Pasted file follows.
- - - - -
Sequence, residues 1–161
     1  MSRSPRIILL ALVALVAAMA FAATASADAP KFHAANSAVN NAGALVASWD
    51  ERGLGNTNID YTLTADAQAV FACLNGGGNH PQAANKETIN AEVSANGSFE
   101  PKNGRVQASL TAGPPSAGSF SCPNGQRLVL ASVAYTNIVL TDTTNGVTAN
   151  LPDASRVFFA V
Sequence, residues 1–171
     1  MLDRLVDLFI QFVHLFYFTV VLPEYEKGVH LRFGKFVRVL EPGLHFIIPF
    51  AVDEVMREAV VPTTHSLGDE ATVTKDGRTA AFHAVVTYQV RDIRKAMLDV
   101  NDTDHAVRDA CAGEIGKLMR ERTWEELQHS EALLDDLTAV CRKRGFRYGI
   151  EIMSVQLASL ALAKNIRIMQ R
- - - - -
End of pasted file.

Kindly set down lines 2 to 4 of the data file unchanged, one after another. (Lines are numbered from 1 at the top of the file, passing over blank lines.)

     1  MSRSPRIILL ALVALVAAMA FAATASADAP KFHAANSAVN NAGALVASWD
    51  ERGLGNTNID YTLTADAQAV FACLNGGGNH PQAANKETIN AEVSANGSFE
   101  PKNGRVQASL TAGPPSAGSF SCPNGQRLVL ASVAYTNIVL TDTTNGVTAN